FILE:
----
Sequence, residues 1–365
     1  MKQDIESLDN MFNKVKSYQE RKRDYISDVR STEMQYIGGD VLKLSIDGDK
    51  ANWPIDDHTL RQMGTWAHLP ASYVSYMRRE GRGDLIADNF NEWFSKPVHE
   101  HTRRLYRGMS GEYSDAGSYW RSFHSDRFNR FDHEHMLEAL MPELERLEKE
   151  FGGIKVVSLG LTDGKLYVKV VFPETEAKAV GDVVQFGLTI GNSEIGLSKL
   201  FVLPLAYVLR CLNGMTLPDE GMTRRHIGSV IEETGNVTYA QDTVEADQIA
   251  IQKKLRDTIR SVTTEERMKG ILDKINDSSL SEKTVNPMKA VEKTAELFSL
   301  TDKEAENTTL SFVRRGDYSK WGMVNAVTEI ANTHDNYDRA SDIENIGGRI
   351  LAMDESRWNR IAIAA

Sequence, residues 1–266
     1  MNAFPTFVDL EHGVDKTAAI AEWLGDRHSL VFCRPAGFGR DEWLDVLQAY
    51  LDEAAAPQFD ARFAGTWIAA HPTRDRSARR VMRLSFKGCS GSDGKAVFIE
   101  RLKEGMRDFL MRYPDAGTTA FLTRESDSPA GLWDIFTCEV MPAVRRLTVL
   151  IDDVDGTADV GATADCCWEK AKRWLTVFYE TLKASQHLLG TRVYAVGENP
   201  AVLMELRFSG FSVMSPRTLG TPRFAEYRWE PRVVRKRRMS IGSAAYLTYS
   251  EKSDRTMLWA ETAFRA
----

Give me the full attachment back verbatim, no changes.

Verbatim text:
Sequence, residues 1–365
     1  MKQDIESLDN MFNKVKSYQE RKRDYISDVR STEMQYIGGD VLKLSIDGDK
    51  ANWPIDDHTL RQMGTWAHLP ASYVSYMRRE GRGDLIADNF NEWFSKPVHE
   101  HTRRLYRGMS GEYSDAGSYW RSFHSDRFNR FDHEHMLEAL MPELERLEKE
   151  FGGIKVVSLG LTDGKLYVKV VFPETEAKAV GDVVQFGLTI GNSEIGLSKL
   201  FVLPLAYVLR CLNGMTLPDE GMTRRHIGSV IEETGNVTYA QDTVEADQIA
   251  IQKKLRDTIR SVTTEERMKG ILDKINDSSL SEKTVNPMKA VEKTAELFSL
   301  TDKEAENTTL SFVRRGDYSK WGMVNAVTEI ANTHDNYDRA SDIENIGGRI
   351  LAMDESRWNR IAIAA

Sequence, residues 1–266
     1  MNAFPTFVDL EHGVDKTAAI AEWLGDRHSL VFCRPAGFGR DEWLDVLQAY
    51  LDEAAAPQFD ARFAGTWIAA HPTRDRSARR VMRLSFKGCS GSDGKAVFIE
   101  RLKEGMRDFL MRYPDAGTTA FLTRESDSPA GLWDIFTCEV MPAVRRLTVL
   151  IDDVDGTADV GATADCCWEK AKRWLTVFYE TLKASQHLLG TRVYAVGENP
   201  AVLMELRFSG FSVMSPRTLG TPRFAEYRWE PRVVRKRRMS IGSAAYLTYS
   251  EKSDRTMLWA ETAFRA